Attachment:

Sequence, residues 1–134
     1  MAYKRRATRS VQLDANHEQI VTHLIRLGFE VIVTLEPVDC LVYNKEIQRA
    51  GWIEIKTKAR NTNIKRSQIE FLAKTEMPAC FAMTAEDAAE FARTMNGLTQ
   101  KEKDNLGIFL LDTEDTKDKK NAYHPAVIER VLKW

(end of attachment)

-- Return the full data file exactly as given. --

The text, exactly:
Sequence, residues 1–134
     1  MAYKRRATRS VQLDANHEQI VTHLIRLGFE VIVTLEPVDC LVYNKEIQRA
    51  GWIEIKTKAR NTNIKRSQIE FLAKTEMPAC FAMTAEDAAE FARTMNGLTQ
   101  KEKDNLGIFL LDTEDTKDKK NAYHPAVIER VLKW